Football bosses at a 122-year-old club have unveiled a new mascot. But how will Darlo Dog be welcomed by the fans? Reporter Olivia Richwald went "undercover".
Football mascots have an illustrious history in the North-East - one even went on to become mayor.
I don't have the Hartlepool monkey's political aspirations, but donning a furry costume and parading around as a cuddly character has always been an ambition.
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Darlington FC already has a mascot - Mr Q, a flat-looking cartoon man with a very big hat. But club bosses decided he needed a new best friend - and Darlo Dog, a Dalmatian, made his debut at the beginning of the year.
On a chilly Tuesday night, I arrive at the stadium half an hour before kick-off - for some obedience training.
Nervous, I strap on Darlo Dog's hefty paunch and crawl into his spotty skin.
The outfit is large and the acres of extra costume give me the swagger of a toddler who's filled his nappy.
Kevin Stonehouse, football in the community officer, said: "It is quite a difficult and demanding job and you need a good personality.
"Just go around waving and getting the crowd worked up. Mr Q will look after you."
As if on cue, Mr Q walks in with a splash of freckles and a cheeky grin wider than the pitch itself.
Fifteen-year-old Daniel Wright, a Beaumont Hill Special School pupil, has played Mr Q for almost a year. He has behavioural problems - but the on-pitch responsibility has transformed him.
Mr Stonehouse says: "Daniel is a natural. We need somebody who is enthusiastic and Darlo mad."
I pull on the dog's cavernous head and we walk out of the tunnel.
Unfortunately, Darlo Dog's puppy dog eyes are more widely spaced than mine and covered in a furry gauze - so I can only see faint outlines - and can't tell which of the players slaps me on the bum as we walk past.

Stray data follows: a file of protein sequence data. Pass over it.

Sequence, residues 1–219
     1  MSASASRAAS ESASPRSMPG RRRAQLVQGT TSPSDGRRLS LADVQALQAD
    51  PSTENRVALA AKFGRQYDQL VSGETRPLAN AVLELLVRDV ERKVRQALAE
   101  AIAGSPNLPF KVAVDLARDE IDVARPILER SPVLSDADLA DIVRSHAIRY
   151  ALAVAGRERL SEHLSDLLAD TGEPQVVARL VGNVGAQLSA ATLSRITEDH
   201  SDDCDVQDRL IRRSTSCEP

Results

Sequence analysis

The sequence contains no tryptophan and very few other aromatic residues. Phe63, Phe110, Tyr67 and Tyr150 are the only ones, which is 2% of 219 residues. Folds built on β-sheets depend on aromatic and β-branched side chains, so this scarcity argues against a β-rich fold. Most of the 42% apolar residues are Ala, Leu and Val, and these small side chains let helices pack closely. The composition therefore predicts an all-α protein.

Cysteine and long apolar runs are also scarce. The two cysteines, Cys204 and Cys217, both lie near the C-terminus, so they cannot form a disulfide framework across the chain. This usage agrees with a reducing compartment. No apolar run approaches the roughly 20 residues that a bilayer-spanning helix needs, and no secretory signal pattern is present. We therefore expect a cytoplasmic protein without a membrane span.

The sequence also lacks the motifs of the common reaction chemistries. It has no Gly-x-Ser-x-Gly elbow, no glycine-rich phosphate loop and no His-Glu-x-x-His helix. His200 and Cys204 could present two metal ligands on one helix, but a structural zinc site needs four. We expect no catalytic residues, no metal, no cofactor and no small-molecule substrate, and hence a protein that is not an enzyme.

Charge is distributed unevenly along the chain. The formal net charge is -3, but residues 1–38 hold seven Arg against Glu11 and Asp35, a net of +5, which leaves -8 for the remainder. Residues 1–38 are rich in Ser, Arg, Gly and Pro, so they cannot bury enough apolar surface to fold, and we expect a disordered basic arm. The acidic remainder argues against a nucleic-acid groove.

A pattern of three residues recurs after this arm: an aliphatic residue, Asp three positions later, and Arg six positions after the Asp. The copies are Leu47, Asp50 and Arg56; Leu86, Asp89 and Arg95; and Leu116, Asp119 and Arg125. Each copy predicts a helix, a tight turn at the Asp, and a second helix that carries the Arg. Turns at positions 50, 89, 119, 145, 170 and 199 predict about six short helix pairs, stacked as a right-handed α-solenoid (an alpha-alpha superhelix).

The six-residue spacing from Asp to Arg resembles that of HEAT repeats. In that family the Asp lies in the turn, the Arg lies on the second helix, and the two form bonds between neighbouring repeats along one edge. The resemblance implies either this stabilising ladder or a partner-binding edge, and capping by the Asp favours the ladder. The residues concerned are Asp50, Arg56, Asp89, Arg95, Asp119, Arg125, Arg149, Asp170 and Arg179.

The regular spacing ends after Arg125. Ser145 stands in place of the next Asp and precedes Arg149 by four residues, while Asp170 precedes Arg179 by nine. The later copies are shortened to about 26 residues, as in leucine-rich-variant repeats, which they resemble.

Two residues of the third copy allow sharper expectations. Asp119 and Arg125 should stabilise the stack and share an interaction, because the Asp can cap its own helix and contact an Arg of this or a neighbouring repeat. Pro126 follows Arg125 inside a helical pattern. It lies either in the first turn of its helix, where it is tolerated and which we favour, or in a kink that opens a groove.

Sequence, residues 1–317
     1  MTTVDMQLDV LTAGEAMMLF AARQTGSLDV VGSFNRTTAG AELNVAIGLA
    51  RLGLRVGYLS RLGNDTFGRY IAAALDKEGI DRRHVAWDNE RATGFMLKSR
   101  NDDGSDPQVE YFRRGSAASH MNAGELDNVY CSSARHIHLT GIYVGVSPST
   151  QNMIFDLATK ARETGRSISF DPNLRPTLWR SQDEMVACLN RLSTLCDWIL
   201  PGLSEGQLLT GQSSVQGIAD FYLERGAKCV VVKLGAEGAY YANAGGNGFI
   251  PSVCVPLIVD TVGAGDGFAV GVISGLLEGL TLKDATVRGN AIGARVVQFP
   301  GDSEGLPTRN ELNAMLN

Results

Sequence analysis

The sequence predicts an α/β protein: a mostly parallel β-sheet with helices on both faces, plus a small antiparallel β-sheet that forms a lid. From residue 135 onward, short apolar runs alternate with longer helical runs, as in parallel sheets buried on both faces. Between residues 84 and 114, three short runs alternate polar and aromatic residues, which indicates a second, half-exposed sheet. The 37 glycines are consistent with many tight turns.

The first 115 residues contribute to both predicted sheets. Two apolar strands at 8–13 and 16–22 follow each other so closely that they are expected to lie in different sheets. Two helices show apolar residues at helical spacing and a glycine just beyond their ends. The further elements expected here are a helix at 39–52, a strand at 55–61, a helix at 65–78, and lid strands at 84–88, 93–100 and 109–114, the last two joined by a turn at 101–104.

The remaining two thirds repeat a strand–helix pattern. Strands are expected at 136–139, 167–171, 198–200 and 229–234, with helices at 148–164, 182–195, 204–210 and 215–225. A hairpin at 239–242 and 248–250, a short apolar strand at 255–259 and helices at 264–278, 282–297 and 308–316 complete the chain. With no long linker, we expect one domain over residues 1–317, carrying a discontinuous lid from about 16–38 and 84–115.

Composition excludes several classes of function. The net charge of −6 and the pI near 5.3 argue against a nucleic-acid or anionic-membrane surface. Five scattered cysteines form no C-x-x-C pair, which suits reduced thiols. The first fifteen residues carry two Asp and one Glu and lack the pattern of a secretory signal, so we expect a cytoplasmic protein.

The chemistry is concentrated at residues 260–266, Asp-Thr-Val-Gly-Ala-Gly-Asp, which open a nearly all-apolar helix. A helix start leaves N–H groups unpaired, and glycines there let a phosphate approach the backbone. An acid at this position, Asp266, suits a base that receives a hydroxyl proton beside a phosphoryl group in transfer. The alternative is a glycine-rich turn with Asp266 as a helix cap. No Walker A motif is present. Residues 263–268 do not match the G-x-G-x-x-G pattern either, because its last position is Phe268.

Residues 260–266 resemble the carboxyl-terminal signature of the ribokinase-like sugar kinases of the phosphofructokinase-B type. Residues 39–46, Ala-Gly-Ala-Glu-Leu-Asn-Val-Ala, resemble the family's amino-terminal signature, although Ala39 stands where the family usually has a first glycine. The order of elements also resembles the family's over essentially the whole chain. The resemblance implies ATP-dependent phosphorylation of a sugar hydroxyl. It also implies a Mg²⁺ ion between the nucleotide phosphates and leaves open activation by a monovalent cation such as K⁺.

Daniel waves at the fans as we head towards the goal. I banish my inhibitions and start shaking children's hands and warming up with the ball boys.
Within ten minutes, it is sizzling hot being swaddled in the dog's thick fur, but the only clue to the temperature outside is my breath, which collects in the dog's head, in front of my eyes.
Behind the home goal, Daniel and I try to get the crowd cheering - but some of the comments drifting through the padding aren't very nice.
A group of men are singing "Who let the dogs out" and "There's only one Darlo mascot", which I try not to take personally. Others yell at me to get out of the way.
We walk around the pitch and, at the family stand, dozens of children pull my tail and pat my head. A boy takes my picture.
"This is absolutely class, I love entertaining the kids," Daniel says, before a grumpy steward taps my shoulder and banishes us from the stand, saying the kids are getting worked up and it is dangerous.
Tail between the legs, I waddle away.
We wait for a goal but, after 90 minutes, the only thing to hit the back of the net is me, as I trip over a ball boy.
* The club is looking for someone to play Darlo Dog permanently. Anyone who is interested in signing up can contact Mr Stonehouse on (01325) 387019.